EGU General Assembly 2020
© Author(s) 2020. This work is distributed under
the Creative Commons Attribution 4.0 License.

Changes in microbial community structure by methane fluxes at arctic cold seeps

Vincent Carrier1,2, Dimitri Kalenitchenko2, Friederike Gründger3, and Mette M. Svenning1,2
Vincent Carrier et al.
  • 1Department of Arctic and Marine Biology, The Arctic University of Norway, Tromsø, Norway
  • 2Centre for Arctic Gas Hydrate, Environment and Climate, The Arctic University of Norway, Tromsø, Norway
  • 3Department of Biology – Arctic Research Centre, Aarhus University, Aarhus, Denmark

Cold seeps are areas of the seafloor where hydrocarbon-rich fluids, primarily composed of methane (CH4), migrate from below reservoirs through the sediments to reach the seafloor surface. This CH4 is an important energy source for biological communities at cold seeps and it is taken up by specialized archaeal and bacterial methane oxidizers in anaerobic and aerobic environments. Reaction products, such as sulphide, are thereafter cycled into the microbial food web, by other microbial functional groups, underlining the importance of microorganisms in supporting biological production at cold seeps. However, large gaps of knowledge on total microbial biodiversity at these methane seeps and their spatial distribution remain, especially at high latitudes. South of Svalbard, five geological mounds shaped by the formation of CH4 gas hydrates (gas hydrate pingos GHPs), have been described recently. While one GHP was inactive, four of them showed CH4 seeping activity with flares primarily concentrated at the summits. This suggest that the environmental conditions gradually change from the rim of the GHP toward the summit. We hypothesized that the microbial biodiversity varies along that gradient, where the summits would harbor the highest abundances of methane oxidizers. In order to test this hypothesis, we investigated the microbial community structure at two active GHPs, an inactive GHP and a reference site. Porewater chemistry and sequencing-based community analyses of Archaea, Bacteria and Eukaryotes were investigated at several depths of the sediment along a distance gradient from the summit to the rim of each GHP. We show that local environmental conditions, such as the presence of CH4, do affect the microbial community structure and composition. The anaerobic methane oxidizing ANME-1 dominates the archaeal libraries and are detected various types of sulphate-reducing bacteria, although none demonstrated a clear co-occurrence with the predominance of ANME-1. Additional common taxa observed in these CH4-rich sediments that likely benefited from the metabolites of CH4 oxidation were sulphide oxidizing Epsilonproteobactaerota, as well as organic matter degraders, such as Bathyarchaeota, Woesearchaeota or thermoplasmatales MBG-D, and heterotrophic ciliates and Cercozoa. Beyond our expectations, the distribution of the different community types were not separated in concentric zones around the GHPs and similar methane oxidizing communities could be retrieved at different location over a GHP.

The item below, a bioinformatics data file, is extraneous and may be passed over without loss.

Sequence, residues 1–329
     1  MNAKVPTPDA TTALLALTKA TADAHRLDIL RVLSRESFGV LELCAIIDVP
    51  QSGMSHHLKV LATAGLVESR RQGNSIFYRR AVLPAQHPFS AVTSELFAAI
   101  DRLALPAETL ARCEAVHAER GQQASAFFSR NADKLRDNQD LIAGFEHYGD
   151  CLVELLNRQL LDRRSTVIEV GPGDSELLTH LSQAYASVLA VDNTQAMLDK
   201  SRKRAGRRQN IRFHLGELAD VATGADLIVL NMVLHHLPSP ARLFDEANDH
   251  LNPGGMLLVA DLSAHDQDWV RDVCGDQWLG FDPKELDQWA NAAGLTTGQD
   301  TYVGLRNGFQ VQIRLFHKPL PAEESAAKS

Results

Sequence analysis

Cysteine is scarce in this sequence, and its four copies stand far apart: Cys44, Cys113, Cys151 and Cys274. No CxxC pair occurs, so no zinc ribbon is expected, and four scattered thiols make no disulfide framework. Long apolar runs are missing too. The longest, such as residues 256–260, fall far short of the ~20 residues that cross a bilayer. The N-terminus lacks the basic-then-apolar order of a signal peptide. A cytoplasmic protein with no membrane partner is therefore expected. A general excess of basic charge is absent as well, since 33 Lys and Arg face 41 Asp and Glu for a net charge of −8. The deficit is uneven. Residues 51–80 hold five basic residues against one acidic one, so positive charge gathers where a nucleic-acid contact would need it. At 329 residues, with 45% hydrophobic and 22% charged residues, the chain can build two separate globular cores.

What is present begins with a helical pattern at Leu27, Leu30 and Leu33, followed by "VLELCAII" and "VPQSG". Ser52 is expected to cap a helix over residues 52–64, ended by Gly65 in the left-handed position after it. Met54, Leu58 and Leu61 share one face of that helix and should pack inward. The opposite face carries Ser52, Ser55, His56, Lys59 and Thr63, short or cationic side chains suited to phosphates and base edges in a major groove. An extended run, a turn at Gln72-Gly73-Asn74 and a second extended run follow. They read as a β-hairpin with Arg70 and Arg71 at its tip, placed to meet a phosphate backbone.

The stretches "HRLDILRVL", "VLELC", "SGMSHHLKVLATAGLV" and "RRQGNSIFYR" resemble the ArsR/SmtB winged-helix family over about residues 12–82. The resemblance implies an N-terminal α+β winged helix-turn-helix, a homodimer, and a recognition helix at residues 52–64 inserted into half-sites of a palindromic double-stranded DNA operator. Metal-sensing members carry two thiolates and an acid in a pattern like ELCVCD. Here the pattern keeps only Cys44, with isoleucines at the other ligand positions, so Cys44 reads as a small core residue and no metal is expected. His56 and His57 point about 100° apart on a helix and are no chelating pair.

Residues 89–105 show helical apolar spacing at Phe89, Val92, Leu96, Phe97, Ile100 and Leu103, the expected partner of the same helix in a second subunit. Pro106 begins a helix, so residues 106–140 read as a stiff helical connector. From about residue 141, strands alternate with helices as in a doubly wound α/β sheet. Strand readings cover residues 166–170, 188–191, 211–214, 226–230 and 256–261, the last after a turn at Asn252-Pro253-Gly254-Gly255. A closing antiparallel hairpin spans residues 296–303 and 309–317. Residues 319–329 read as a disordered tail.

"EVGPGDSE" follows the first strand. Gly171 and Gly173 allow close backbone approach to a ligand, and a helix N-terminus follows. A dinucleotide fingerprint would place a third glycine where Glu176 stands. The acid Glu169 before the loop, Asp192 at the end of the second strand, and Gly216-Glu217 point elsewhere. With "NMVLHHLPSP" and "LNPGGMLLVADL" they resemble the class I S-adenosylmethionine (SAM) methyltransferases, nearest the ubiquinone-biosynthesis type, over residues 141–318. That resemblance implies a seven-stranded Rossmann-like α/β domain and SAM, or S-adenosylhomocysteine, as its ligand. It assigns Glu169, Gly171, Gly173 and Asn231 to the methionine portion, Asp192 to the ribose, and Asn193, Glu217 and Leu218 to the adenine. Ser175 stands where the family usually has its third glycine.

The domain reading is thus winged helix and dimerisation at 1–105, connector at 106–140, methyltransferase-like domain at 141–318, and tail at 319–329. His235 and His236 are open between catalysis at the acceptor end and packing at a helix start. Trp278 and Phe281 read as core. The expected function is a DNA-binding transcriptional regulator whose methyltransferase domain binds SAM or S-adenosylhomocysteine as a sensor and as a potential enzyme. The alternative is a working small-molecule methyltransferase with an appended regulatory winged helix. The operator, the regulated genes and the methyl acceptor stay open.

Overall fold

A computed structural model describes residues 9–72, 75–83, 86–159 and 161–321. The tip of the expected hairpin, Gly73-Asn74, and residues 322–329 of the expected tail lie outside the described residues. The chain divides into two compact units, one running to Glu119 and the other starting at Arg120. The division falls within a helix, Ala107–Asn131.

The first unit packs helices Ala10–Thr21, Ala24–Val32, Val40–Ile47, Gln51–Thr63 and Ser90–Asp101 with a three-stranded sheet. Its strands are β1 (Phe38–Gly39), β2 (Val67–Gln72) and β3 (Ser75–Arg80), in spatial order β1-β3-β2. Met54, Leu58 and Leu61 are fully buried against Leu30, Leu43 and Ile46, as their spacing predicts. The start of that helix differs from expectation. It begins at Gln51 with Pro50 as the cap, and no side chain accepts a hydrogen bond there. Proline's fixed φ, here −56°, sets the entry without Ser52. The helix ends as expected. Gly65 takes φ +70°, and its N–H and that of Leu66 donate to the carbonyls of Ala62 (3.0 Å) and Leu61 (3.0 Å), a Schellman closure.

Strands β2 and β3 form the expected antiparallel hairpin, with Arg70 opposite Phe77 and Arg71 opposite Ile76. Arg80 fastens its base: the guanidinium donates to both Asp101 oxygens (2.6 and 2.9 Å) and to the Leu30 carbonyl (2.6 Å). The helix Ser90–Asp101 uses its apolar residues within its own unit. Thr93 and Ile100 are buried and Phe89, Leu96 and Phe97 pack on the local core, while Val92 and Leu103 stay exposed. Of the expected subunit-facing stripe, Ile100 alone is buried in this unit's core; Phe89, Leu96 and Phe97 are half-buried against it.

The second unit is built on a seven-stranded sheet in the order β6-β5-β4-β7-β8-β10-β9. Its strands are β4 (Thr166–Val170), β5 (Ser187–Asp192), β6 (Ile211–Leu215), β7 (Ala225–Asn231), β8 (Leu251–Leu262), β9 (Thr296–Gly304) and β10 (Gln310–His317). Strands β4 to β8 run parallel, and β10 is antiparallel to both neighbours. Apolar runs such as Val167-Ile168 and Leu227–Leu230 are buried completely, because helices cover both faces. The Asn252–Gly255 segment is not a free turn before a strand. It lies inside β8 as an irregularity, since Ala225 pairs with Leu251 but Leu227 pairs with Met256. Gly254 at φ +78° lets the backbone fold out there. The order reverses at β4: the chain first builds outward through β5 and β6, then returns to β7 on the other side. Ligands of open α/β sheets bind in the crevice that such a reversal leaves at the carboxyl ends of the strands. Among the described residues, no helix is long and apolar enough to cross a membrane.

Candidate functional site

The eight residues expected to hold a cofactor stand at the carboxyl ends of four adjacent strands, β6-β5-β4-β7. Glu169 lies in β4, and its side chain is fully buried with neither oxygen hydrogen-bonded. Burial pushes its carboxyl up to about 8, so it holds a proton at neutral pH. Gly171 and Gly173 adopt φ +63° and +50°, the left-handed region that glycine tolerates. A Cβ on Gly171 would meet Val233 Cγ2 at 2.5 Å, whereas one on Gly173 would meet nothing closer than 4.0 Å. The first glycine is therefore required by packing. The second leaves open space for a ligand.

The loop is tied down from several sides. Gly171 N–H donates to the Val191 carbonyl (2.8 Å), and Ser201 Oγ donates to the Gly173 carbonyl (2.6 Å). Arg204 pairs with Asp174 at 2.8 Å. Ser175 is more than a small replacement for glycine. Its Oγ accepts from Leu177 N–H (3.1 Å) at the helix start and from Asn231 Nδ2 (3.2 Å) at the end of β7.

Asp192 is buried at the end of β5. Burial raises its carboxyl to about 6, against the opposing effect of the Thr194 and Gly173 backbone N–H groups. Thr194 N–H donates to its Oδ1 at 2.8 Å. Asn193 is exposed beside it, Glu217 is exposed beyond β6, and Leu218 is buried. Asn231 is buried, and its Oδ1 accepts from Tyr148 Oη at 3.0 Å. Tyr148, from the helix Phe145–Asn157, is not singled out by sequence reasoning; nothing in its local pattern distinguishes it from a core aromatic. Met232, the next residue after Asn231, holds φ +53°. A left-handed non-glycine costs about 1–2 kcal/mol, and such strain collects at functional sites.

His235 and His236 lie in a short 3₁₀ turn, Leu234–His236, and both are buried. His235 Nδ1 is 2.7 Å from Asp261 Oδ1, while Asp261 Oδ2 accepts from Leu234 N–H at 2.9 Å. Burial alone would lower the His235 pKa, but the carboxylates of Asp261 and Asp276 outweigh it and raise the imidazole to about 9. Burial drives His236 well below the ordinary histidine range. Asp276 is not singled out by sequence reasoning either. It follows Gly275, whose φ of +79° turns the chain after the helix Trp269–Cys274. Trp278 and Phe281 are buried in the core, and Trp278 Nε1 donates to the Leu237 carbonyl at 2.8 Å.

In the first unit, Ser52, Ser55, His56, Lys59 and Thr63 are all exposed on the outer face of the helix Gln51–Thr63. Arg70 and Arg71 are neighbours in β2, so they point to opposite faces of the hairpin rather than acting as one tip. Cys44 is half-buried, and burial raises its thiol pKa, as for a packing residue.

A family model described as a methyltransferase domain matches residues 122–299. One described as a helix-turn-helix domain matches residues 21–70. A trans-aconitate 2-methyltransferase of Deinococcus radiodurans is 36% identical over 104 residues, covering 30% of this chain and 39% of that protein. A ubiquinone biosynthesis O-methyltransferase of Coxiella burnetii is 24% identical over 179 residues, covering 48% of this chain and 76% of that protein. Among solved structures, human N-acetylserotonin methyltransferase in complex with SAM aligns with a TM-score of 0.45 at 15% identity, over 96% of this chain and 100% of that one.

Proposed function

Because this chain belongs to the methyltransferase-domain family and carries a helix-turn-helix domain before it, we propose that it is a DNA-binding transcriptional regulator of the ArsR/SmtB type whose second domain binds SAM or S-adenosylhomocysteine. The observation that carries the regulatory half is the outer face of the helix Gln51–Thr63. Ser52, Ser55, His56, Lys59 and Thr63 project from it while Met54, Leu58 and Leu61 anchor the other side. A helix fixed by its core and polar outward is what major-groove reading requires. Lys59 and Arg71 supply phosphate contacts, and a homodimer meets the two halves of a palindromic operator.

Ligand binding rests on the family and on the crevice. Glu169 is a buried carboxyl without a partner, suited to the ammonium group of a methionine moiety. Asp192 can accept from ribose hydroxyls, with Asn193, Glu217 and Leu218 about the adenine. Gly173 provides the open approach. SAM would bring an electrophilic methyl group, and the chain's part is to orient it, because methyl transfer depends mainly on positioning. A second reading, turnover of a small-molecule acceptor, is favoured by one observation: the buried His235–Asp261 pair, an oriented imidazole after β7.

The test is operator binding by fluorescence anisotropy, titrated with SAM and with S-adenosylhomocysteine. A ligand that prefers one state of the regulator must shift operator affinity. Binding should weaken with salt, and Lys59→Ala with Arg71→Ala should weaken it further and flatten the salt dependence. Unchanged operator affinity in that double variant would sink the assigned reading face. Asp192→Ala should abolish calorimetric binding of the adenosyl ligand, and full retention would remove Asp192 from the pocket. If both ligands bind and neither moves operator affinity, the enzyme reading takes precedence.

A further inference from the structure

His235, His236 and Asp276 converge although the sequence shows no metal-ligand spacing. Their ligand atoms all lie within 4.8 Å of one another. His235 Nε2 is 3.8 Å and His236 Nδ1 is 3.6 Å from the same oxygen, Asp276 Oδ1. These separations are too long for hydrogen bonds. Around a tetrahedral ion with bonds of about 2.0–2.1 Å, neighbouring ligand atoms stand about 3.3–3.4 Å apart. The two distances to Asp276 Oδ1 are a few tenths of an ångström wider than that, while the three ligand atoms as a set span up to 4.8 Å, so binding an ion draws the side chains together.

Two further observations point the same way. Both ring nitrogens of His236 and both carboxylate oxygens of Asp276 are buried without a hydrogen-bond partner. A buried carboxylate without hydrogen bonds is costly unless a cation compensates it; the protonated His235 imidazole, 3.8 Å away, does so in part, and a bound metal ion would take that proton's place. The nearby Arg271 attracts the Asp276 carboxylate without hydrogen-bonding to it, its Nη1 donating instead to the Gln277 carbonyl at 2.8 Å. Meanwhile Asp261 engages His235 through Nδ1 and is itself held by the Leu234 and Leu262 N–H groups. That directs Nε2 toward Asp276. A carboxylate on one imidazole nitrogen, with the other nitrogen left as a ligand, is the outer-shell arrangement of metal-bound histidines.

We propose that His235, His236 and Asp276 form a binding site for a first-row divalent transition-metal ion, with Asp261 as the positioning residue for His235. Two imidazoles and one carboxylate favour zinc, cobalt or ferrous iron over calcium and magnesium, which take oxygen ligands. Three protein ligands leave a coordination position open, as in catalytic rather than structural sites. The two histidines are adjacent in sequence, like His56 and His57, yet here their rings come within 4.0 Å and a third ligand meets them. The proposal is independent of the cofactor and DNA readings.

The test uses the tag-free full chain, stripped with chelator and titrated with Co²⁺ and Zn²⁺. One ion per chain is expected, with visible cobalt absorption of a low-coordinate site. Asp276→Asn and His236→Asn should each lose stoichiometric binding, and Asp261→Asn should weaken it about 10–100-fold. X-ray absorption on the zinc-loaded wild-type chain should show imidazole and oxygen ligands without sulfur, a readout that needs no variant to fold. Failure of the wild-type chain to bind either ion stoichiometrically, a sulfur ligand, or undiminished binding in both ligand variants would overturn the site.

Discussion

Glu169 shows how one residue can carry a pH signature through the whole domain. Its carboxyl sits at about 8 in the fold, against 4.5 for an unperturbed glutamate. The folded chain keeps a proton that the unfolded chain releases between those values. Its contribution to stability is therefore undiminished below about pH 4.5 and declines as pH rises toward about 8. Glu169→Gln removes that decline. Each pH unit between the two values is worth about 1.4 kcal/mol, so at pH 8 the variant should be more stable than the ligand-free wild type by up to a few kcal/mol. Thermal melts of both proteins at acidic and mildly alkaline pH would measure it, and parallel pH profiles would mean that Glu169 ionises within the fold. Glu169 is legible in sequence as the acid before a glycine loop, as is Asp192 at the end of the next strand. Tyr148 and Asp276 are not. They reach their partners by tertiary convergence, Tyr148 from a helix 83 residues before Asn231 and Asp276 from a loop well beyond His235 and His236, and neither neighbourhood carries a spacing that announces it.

How to cite: Carrier, V., Kalenitchenko, D., Gründger, F., and Svenning, M. M.: Changes in microbial community structure by methane fluxes at arctic cold seeps, EGU General Assembly 2020, Online, 4–8 May 2020, EGU2020-16669,, 2020


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